Let’s get social! Using social media to build and maintain active living communities

Depression and physical activity

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By Christina Loitz, PhD, Knowledge Translation Specialist/Research Associate, Alberta Centre for Active Living, Faculty of Physical Education and Recreation, University of Alberta

Summary

Social media is unique from these forms of communication, as it has the potential to reach a larger audience, allows for two-way communication and fosters brand personality, awareness and recognition. This article will provide an overview of factors to consider when using social media to promote active living and build communities in the field.

The interactive nature of social media offers a unique form of communication between organizations and their various targeted and non-targeted audience. Traditionally, organizations promote physical activity using their website, monthly e-newsletters, publications, presentations, conferences, and meetings. These continue to be important mediums of communication. Social media is unique from these forms of communication, as it has the potential to reach a larger audience, allows for two-way communication and fosters brand personality, awareness and recognition. This WellSpring article will provide an overview of factors to consider when using social media to promote active living and build communities in the field.

What is social media?

Social media refers to various interactive digital platforms that allow users to share ideas and information with a network of contacts and beyond.1 Various online social media platforms exist that allow people to communicate and share information using conversational media in the form of words, pictures, videos, and audios.2 Examples of common social media platforms in the field of health promotion are listed in Table 1.

Social media is unique from other forms of communication and marketing as it allows the organization to engage in two-way communication publicly or privately; rather than exclusively “talking at” people or organizations. Social media platforms can be used to help organizations learn, listen and exchange ideas with others. This can help organizations develop a better understanding of their communities’ overall needs and their role in the community.

Table 1. Common social media platforms used in health promotion

Platform Description Sample of platform in health promotion
Facebook
Facebook
  • Allows users to create an organizational profile to share information, interests, photos or videos.
  • Users can find and accept people and organizations with whom they wish to connect.
  • Facebook allows for status updates, instant messaging and posting content found on the web.

Healthy Canadians

ParticipACTION

Twitter
Twitter
  • Allows users to create a brief profile with a photo.
  • Users can share photos, videos and brief 140-character status updates referred to as “tweets”.
  • Twitter users can follow people or organizations to stay connected.

Ever Active Schools

Parachute Canada

Instagram
Instagram
  • This is a photo and video sharing app.
  • Users can take a picture and select different filter options to share their picture with their followers.
  • Users develop their own profile and can select to follow specific people or organizations to get photo or video updates.

Why I Move

World Health Organization

Pinterest
Pinterest
  • An electronic pin board where users create a profile and “pin” content from the Internet to their board.
  • These pin boards facilitate social bookmarking where users can organize information on their own board and follow other users.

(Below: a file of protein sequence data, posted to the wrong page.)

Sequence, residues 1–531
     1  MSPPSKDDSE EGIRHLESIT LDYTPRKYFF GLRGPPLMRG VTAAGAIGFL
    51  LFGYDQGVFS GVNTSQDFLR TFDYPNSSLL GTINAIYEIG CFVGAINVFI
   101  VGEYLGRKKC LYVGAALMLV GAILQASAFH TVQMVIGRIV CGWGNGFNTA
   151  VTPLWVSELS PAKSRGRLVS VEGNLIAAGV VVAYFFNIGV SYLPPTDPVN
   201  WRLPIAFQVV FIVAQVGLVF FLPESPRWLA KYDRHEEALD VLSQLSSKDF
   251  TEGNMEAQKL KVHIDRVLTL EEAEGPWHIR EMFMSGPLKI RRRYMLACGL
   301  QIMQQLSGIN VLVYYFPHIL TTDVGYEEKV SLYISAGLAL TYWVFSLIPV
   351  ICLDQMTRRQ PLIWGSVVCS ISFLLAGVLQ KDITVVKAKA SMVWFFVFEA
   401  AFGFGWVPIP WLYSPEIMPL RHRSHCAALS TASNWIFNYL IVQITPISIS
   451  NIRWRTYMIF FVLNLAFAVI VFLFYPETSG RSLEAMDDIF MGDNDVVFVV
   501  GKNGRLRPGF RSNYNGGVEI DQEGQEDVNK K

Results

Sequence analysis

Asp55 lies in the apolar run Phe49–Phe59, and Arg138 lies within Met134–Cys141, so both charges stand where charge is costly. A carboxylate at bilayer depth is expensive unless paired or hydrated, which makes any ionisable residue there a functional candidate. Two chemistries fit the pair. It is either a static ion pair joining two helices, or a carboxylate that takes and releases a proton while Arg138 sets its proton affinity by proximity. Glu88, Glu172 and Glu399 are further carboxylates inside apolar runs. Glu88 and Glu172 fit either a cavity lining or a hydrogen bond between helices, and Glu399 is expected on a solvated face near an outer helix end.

YMCA Calgary

Healthy Canadians

LinkedIn
LinkedIn
  • A professional social media network that connects people to increase access to people, jobs, news, updates and insights.

Alberta Workplace Wellness discussion group

YouTube
YouTube
  • YouTube is a video sharing website that provides people with a forum to distribute originally-created videos.

DocMikeEvans

This table was adapted from Vaterlaus, Patten, Roche & Young, 2015.3

Getting started in social media for health promotion

The following are some factors to consider when developing, maintaining and expanding your social media strategy.

1) What are your organizational social media objectives and goals?

Developing a succinct social media strategy is important in both the development and implementation stages.4 The first step in developing a social media strategy is to develop clear and concise goals and objectives that are consistent with and support the organizational business and communication plans.

Your organization may have various social media objectives ranging from increasing awareness, changing behaviour, educating, marketing events, exchanging ideas, collaborating with partners, or directing people to the organization’s website. Developing an overarching social media objective with more specific SMART goals (see below) can help an organization stay focused in the development and maintenance of their social media presence.

Example from ACAL’s social media plan

Objective: To use social media as a knowledge mobilization strategy to support practitioners, organizations and communities to improve the health and quality of life for people through physical activity.
Goal: To share key findings from academic articles with practitioners and organizations who have medium to high engagement on Twitter weekly.

SMART goals are:

S – Specific: Identify the “Who?” and “What?” of the social media goal.

M – Measureable: One can determine if the goal has been attained or not.

A – Achievable: In consideration of the steps required to attain the goal, is the goal attainable?

R – Realistic: The organization must be willing and able to do the steps required to achieve the goal and this should fit under the scope of the overall social media objective.

T – Time-phased: The goal should be grounded within a specific time frame in which it can be met.5

2) Who is your audience?

Social media platforms should be built in consideration of the target audience and community. If more than one audience is targeted, separate streams for each type of audience may be considered (e.g., practitioner versus general public Twitter accounts). Or using hashtags to target a specific community may improve clarity and reach.

Social media messages should be developed using more informal, social and entertaining language that fosters engagement.6 Developing quality messages and conversations that standout and resonate with the audience are key to engagement. Acknowledging the audience by retweeting, messaging and mentioning the audience in tweets allows the audience to know someone is listening and that the organization is interested in them.

Example from ACAL’s social media plan

Target Audience: 1. Physical activity practitioners, decision-makers, researchers, educators, advocates, and organizations.
2. Practitioners, decision-makers, researchers, educators, and advocates that are not physical activity experts but use physical activity as part of their work. Note: The general public is not the intended target audience.

3) What to post, tweet, and share?